The functionality of the backspace has changed over time. In the beginning it was primarily meant to move the cursor one character backwards on printers and teletypes to make accents on characters possible. For example to generate the character â, one could send the sequence aBS^ to the printer. This method was a practical copy of the way how characters with accents were handled on mechanical typewriters, but when CRT’s were introduced it was no longer supported in that way. Therefore now the backspace is most often used to not only re-position the cursor, but also delete the actual contents on that position. You can use this control character as \b in the C programming language.
- 9 – HT – Horizontal tab
The HT control character in the ASCII character set is defined for layout purposes. It instructs the output device to proceed to the next table column. Table column width is flexible, but on many devices the distance between table columns defaults to 8. The use of the horizontal tab not only reduced the work for data typists, but also introduced a method to reduce the amount of storage space necessary for formatted texts. We will now laugh about it, but keep in mind that the ASCII standard was developed 40 years ago when every byte of storage was valuable, and compression methods like ZIP, didn’t exist. The control character HT is available as \t in the C programming language.
- 10 – LF – Line feed
The line feed character is one of the characters in the ASCII character set that has been misused. Originally, the LF character was meant to move the head of a printer one line down. A second control character CR would then be used to move the printing head to the left margin. This is the way it was implemented in many serial protocols and in operating systems like MS-DOS and Windows. On the other hand the C programming language and Unix operating system redefined this character as newline which meant a combination of line feed and carriage return. You can argue about which use is wrong. The way C and Unix handle it is certainly more natural from a programming point of view. On the other hand is the MS-DOS implementation closer to the original definition. It would have been better if both line feed and newline were part of the original ASCII definition because the first defines a typical device control functionality where the latter is a logical text separator. But this separation is not the case. Nowadays people tend to use the LF character mainly as newline function and most software that handles plain ASCII text files is capable of handling both single LF and CR/LF combinations. The control character is in the programming language C available as \n.
- 11 – VT – Vertical tab
The vertical tab is like the horizontal tab defined to reduce the amount of work for creating layouts, and also reduce the amount of storage space for formatted text pages. The VT control code is used to jump to the next marked line. To be honest, I have never seen a situation or application where this functionality was implemented. In most situations a sequence of LF codes is used instead.
- 12 – FF – Form feed
The form feed code FF was designed to control the behavior of printers. When receiving this code the printer moves to the next sheet of paper. The behavior of the control code on terminals depends on the implementation. Some clear the screen, whereas others only display the ^L characters or perform a line feed instead. The shell environments Bash and Tcsh have implemented the ASCII form feed as a clear screen command. The form feed is implemented as \f in the C programming language.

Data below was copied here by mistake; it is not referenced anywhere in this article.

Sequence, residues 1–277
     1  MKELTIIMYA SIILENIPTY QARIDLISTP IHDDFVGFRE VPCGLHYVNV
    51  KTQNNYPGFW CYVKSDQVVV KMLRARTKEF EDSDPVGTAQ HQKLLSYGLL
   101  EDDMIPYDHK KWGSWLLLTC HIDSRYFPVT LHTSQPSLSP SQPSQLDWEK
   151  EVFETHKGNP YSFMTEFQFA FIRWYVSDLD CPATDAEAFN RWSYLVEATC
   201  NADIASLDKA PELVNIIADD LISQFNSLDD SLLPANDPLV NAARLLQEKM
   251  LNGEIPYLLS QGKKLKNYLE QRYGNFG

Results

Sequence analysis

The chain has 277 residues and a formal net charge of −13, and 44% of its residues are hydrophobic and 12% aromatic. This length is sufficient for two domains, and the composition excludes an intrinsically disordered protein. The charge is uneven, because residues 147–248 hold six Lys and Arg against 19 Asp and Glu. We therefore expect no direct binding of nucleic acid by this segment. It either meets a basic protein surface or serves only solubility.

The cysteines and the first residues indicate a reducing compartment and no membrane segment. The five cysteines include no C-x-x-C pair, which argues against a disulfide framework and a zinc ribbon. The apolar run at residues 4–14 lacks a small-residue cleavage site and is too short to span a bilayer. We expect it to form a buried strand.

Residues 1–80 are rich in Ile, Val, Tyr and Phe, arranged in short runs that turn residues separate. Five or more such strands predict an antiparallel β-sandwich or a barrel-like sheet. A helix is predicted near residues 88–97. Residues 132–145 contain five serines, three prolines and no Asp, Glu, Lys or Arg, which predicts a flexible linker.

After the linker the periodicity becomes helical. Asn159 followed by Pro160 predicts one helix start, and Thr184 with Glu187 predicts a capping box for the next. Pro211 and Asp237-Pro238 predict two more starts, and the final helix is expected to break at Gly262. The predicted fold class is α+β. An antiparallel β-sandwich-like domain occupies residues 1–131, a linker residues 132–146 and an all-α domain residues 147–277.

- 13 – CR – Carriage return
The carriage return in the ASCII character set in its original form is meant to move the printing head back to the left margin without moving to the next line. Over time this code has also been assigned to the enter key on keyboards to signal that the input of text is finished. With screen oriented representation of data, people wanted that entering data would also imply that the cursor positioned to the next line. Therefore, in the C programming language and the unix operating system, a redefinition of the LF control code has taken place to newline. Often software now silently translates an entered CR to the LF ASCII code when the data is stored.
- 14 – SO – Shift out
15 – SI – Shift in
Even as early as in the sixties, the people who defined the ASCII character set understood that it would be valuable to make the character set not only available for the English alphabet, but also for foreign ones. The shift in and shift out were defined for this purpose. Originally it was meant to switch between the Cyrillic alphabet and Latin. The Cyrillic ASCII definition which uses the shift characters is KOI-7. Later on these control codes were also used to change the typeface on printers. In this use SO produced double wide characters where condensed printing was selected with SI.
- 16 – DLE – Data link escape
It is sometimes necessary in an ongoing data communication to send control characters. There are situations where those control characters might be understood as part of the normal data stream. The DLE has been defined in the ASCII standard for these situations. If this character is detected in a data-stream, the receiving party knows, that one or more of the following characters must be interpreted in a different way than the other characters in the stream. The exact interpretation of the following characters is not part of the ASCII definition, just the availability to break out of a communication stream with the data link escape. In the Hayes communication protocol for modems, the data link escape has been defined as silence+++silence. In my opinion it would have been a better idea if the Hayes protocol had used the DLE instead, as it does not need to embedded by communication silence, and it would fit within an existing standard. However, the developers of Hayes decided otherwise and now the +++ sequence is used far more often then the original DLE.